To aid you in this endeavor, I’ve split the readings across seven days with suggested questions and a prayer for each. Feel free to take it as a whole (no attribution necessary) or adapt it as you see fit. If you want to engage people further, set up a Twitter account and invite them to Tweet their responses to the questions each day or capture them in some other way to allow others to see and learn from the reflections of their friends.

As always, Working Preacher, thank you for your fidelity in proclaiming the saving death and resurrection of our Lord.

Yours in Christ,

Palm Sunday: Matthew 21:1-11
Q: Jump from Jerusalem to 2011: What do we celebrate as having the potential to save? Celebrities, political figures, athletes, technology? What do we do when we are disappointed in our hopes?
Prayer: Lord God, keep our attention on those things that nurture life and lead us to greater fellowship with you and with each other. Amen.

Monday: Matthew 26:1-16
Q: Where do we see hostility and betrayal in our world? Is there anything that would be worth it to you to betray a friend? What small betrayals have we been ensnared by, and how can we make amends for them?
Prayer: Lord God, prevent us from allowing our bitterness or disappointment to lead us to harm others whether in thought or deed. Amen.

Tuesday: Matthew 26:17-46
Q: What difference does the Lord’s Supper make in our lives? Does the meal we share on Sunday nourish our lives in the world? If so, how? If not, how might it? When have you last seen someone who needed a tangible expression of God’s love? How can you help that person realize how precious they are to God?
Prayer: Lord God, thank you for the gift of your own body and blood. Let that gift strengthen us in the knowledge that you love us more than anything. Amen.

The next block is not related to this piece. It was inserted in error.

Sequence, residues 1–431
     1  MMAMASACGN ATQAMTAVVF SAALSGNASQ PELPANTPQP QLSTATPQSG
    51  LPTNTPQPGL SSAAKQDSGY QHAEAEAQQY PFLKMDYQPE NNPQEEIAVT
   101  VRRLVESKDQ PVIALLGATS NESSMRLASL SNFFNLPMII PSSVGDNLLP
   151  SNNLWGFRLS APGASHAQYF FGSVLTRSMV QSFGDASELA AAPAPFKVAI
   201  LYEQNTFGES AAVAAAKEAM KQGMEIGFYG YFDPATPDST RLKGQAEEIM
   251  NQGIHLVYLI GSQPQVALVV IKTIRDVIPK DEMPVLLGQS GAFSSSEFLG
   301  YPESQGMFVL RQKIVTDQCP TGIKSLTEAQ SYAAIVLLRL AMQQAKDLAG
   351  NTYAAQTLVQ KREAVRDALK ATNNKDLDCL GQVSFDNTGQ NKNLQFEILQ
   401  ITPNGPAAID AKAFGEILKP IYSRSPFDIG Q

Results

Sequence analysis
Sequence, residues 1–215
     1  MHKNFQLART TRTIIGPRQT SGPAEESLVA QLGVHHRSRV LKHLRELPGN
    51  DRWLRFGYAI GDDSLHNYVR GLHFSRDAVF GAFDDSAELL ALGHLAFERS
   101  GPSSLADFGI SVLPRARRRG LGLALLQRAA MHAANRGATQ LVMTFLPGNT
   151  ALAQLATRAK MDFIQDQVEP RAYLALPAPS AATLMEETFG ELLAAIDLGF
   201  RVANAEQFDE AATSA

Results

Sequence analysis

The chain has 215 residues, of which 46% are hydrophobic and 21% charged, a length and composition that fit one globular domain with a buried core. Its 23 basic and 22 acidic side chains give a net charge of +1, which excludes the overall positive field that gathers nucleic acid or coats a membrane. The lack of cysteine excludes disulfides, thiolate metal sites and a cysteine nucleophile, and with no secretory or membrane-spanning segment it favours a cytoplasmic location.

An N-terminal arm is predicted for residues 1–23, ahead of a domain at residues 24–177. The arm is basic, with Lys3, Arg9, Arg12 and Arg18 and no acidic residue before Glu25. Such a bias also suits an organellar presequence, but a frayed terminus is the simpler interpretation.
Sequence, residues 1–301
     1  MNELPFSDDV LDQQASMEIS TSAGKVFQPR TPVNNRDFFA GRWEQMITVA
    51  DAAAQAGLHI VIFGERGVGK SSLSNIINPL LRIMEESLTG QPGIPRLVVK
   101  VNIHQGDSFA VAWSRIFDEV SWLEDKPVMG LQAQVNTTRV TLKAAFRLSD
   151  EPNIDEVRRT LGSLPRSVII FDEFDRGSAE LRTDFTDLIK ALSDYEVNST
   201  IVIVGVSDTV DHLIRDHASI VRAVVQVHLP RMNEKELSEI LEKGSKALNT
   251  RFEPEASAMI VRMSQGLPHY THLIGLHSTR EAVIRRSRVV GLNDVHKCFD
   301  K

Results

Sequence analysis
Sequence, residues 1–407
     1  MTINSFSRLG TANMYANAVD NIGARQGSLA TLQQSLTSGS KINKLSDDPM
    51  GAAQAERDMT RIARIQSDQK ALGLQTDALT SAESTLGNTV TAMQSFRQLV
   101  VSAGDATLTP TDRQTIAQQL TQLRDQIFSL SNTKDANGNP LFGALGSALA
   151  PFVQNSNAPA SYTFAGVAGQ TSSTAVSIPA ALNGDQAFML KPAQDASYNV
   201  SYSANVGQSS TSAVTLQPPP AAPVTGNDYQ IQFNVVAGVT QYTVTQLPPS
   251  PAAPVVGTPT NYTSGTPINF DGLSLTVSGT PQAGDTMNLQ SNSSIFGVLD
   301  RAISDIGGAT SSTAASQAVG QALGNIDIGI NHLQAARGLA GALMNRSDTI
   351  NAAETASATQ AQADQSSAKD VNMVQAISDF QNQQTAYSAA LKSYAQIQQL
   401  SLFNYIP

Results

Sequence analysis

Wednesday: Matthew 26: 47-75
Q: What strengthens us to keep faith with those we care about? What tempts us to abandon them? Where have you felt abandoned? Where do you need the support of good friends? Who needs you?
Prayer: Lord God, protect and preserve us in this world that we might keep faith with the promises and responsibilities we have undertaken, and when we feel alone remind us that you understand and are with us. Amen.

Thursday: Matthew 27:1-31
Q: Where do you see the struggle for power and the easy resort to defamation and violence in our world today? In what ways does fear poison our relationships at home and at work as well as in the larger world? What one thing would you ask God to change about your life or the world? How can you contribute to making that happen?
Prayer: Use us, Lord God, as instruments of peace in world too often broken by violence and a thirst for power. Amen.

Friday: Matthew 27:32-56
Q: How does Jesus’ death tell the truth about our lives and world? How does it give us hope? Where do you see God still at work to redeem and preserve creation? Where do you long to see God?
Prayer: Lord God, on the cross you suffered the very depths of our human life, even to the point of death. When we see the cross, let us remember that you become one of us and endured all elements of life to show us your great love and to give us hope. Amen.

Saturday: Matthew 27:57-66
What needs resurrecting in your life? What makes it hard to turn this over to God and trust that God will bring you, too, through death to new life?
Prayer: Lord God, remind us of your presence with us when we stumble, suffer, or are afraid in any way. Give us strength, courage, and peace, and help us to be an encouragement and sign of life to others. Amen.

Two quick notes:
1) Given our attention on Matthew’s story throughout the week, it may help to use the Matthean readings for Maundy Thursday and Good Friday.
2) Make sure you print the readings, even if in smaller print, so that people have them with them on a sheet of paper or email so they don’t have to go look them up!